Today we’d like to introduce you to Kristen hard.
Kristen, let’s start with your story. We’d love to hear how you got started and how the journey has been so far.
Chocolate has been a passion for Kristen since her early childhood years. While her vision was to create some of the best quality chocolate one could offer, in her endeavor to do so, she encountered many issues such as poverty, lack of knowledge in quality and no transparency in an industry that seemed to be so well established that the shift for change had proven difficult. With true sustainability in mind, she set out to redefine industry standards one chocolate at a time.
The primary issue the chocolate sector faces is its sustainability. It has been proven by the lack of desire on behalf of the farmer to continue to grow cacao as a crop. As a result, the future of the cacao tree and the chocolate thus created is at risk. Production has been in decline for years leaving us with a major quantity issue. Alongside a quantity issue, we have seen a severe decline in the diversity of cacao. With these issues, and as a company that prides itself in quality, diversity, and transparency, we source cacao and produce chocolate with the hopes that this will help to redefine the sector relating pricing, quality, and market such that the customer and the farmer are in control of the supply and demand.
It is known that there are three groups that cacao can be grouped into. These three groups are criollo, trinitario, and forastero. Each group has unique qualities that are inherently diverse and can be perceived by the market each in their own unique way. There are traits of each group that make way for a natural pricing structure that relates to the genetic qualities each represent.
Each grouping expresses traits that can be identified prior to processing which will require a unique fermentation method. Each varietal requires a different level of skill and attention and the results are unique. The criollo trees currently represent less than 1% of the worlds cacao content and is growing less and less each year.
Cacao seeds cannot be saved for future generational plantings. Heirloom cacao only exists in trees and those trees are succeptable to disease and once they are gone, they are extinct.
With all of these factors, we as a company have endeavored to redefine the industry to relate the cacao to the market by a transparent protocol with pricing as it relates to the genetics and processing.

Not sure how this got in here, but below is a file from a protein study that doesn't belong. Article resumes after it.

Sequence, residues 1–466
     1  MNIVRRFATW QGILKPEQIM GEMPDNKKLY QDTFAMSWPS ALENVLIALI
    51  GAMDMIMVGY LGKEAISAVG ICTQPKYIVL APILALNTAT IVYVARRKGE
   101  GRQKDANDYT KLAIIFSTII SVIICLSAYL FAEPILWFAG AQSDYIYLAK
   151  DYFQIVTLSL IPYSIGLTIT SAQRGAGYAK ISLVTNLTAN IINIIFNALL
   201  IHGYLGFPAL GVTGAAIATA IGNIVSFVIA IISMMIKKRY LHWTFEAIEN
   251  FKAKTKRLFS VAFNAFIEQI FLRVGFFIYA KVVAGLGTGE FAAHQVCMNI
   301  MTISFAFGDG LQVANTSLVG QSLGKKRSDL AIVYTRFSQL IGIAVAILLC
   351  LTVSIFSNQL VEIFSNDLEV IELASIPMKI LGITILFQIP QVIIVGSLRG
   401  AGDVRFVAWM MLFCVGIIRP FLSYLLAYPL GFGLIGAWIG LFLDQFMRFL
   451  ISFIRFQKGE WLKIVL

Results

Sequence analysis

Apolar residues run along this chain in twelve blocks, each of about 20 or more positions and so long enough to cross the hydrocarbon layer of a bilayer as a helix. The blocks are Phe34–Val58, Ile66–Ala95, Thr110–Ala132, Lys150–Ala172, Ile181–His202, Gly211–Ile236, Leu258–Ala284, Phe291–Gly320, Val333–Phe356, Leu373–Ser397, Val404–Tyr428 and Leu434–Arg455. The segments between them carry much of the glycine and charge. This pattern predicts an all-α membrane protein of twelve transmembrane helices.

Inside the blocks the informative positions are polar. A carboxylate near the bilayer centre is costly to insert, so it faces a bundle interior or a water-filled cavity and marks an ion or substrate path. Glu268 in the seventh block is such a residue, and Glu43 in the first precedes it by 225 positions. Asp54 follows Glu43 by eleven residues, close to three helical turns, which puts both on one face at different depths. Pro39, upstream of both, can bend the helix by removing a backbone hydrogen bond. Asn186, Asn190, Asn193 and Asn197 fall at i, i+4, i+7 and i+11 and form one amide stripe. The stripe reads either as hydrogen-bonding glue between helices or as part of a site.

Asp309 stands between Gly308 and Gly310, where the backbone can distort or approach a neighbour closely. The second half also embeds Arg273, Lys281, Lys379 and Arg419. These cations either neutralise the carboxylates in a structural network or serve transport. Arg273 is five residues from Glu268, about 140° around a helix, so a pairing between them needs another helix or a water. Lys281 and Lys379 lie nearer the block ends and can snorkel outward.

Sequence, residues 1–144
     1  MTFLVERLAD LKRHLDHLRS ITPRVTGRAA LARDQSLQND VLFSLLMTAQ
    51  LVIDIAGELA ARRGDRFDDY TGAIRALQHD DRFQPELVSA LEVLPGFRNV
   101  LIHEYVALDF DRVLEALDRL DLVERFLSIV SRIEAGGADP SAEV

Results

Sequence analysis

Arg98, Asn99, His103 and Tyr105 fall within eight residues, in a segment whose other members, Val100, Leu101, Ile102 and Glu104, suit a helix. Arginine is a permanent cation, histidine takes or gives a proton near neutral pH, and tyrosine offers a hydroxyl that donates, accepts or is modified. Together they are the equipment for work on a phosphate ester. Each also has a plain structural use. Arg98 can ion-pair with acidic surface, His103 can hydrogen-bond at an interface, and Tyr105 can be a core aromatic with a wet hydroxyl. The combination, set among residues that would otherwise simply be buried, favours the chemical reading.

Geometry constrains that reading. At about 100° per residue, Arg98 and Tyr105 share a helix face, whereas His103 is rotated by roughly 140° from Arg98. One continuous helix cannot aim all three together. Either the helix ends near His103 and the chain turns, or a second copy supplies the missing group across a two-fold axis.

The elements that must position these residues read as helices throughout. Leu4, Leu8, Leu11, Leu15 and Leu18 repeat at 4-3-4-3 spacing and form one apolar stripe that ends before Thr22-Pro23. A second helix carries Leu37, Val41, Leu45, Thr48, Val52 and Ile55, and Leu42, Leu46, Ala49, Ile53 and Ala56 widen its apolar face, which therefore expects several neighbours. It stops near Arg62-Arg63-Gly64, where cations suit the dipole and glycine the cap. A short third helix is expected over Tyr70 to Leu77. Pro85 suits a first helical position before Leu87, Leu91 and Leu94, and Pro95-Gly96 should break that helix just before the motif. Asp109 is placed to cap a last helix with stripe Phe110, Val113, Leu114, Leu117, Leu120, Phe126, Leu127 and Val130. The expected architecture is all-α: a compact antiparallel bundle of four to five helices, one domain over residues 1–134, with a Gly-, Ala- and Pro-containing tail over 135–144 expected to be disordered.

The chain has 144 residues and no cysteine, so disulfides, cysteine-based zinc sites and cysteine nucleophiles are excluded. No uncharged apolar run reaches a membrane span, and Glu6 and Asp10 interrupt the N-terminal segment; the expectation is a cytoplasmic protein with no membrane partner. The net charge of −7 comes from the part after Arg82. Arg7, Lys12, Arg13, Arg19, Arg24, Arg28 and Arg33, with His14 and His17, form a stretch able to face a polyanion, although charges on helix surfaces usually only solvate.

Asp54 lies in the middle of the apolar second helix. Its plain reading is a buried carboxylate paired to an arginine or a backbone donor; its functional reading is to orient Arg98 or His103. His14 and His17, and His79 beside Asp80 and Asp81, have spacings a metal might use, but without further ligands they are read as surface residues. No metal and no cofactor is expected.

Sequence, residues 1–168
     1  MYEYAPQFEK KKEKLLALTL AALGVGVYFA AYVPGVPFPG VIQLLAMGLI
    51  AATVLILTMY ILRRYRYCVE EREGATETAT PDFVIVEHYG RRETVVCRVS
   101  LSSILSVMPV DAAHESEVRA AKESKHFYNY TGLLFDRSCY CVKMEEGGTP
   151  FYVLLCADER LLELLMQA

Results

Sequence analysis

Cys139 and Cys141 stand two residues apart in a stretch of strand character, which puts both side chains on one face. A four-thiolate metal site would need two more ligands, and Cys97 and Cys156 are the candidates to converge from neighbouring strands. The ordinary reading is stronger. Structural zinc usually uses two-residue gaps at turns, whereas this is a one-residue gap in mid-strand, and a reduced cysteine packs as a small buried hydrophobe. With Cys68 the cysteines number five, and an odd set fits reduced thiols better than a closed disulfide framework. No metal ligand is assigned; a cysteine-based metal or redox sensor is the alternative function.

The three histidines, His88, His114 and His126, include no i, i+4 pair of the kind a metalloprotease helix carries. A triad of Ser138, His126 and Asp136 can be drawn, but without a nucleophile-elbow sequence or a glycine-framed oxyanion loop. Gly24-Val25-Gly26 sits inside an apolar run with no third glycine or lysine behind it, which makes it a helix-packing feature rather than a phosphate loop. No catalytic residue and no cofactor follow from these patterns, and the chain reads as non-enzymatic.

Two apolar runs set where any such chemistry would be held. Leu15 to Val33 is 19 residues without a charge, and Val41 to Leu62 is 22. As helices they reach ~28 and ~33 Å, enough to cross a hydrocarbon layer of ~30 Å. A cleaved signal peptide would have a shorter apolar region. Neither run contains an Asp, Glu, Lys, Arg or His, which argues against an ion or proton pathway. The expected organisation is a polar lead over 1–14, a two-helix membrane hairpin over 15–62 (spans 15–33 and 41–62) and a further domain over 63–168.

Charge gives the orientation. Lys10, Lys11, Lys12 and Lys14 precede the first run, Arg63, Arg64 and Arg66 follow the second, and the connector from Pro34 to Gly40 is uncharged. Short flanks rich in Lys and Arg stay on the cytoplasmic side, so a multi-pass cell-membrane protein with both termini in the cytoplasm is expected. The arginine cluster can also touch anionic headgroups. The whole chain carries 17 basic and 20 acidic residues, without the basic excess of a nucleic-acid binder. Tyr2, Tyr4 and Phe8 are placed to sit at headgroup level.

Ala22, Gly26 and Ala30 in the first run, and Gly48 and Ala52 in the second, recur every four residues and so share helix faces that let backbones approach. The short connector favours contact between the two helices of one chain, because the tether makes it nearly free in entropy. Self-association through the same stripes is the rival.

Overall, has it been relatively smooth? If not, what were some of the struggles along the way?
Smooth, wow. It has been the opposite of smooth. I guess most people would have given up by now, but failure is not an option for me. I have struggled with finances, employees, dishonest business deals, plane crashes, being stuck on the side of a mountain pregnant for 12 hours by myself and this is just a few. I love what I do and feel very strong about the mission. So, although there are many obstacles, they are all a drop in the bucket.
Alright – so let’s talk business. Tell us about CACAO – what should we know?
I love the idea of making the best chocolate that exists in the world. I have spent the last 15 years attempting to perfect the raw material both materially and through processing so that I can quantify what the best means and work with only that. It is only recently that I have been able to reach a point where I feel that we are getting much closer to the goal.
Any shoutouts? Who else deserves credit in this story – who has played a meaningful role?
I am appreciative of the many customers that have made this journey possible. Although many have not totally understood what I have been trying to do as I have not communicated precisely my agenda, they have supported the journey. My business partner has been a great supporter and has believed in me every step of the way.
- Website: cacaoatlanta.com
- Phone: 404-606-2474
- Email: firstname.lastname@example.org
- Instagram: cacaoatlanta
- Facebook: cacaoatlantachocoalteco